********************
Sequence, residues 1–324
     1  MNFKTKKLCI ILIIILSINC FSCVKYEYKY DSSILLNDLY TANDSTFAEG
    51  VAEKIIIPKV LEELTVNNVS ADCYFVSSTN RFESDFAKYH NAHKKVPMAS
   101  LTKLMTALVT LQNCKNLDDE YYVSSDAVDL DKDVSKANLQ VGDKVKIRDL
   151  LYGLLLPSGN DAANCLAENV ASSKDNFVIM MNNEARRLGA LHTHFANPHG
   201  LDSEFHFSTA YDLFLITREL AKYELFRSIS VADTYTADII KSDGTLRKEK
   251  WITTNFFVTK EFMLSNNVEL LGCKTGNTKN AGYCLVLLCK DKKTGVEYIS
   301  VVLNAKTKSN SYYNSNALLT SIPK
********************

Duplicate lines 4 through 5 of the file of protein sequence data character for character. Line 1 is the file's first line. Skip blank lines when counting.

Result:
   101  LTKLMTALVT LQNCKNLDDE YYVSSDAVDL DKDVSKANLQ VGDKVKIRDL
   151  LYGLLLPSGN DAANCLAENV ASSKDNFVIM MNNEARRLGA LHTHFANPHG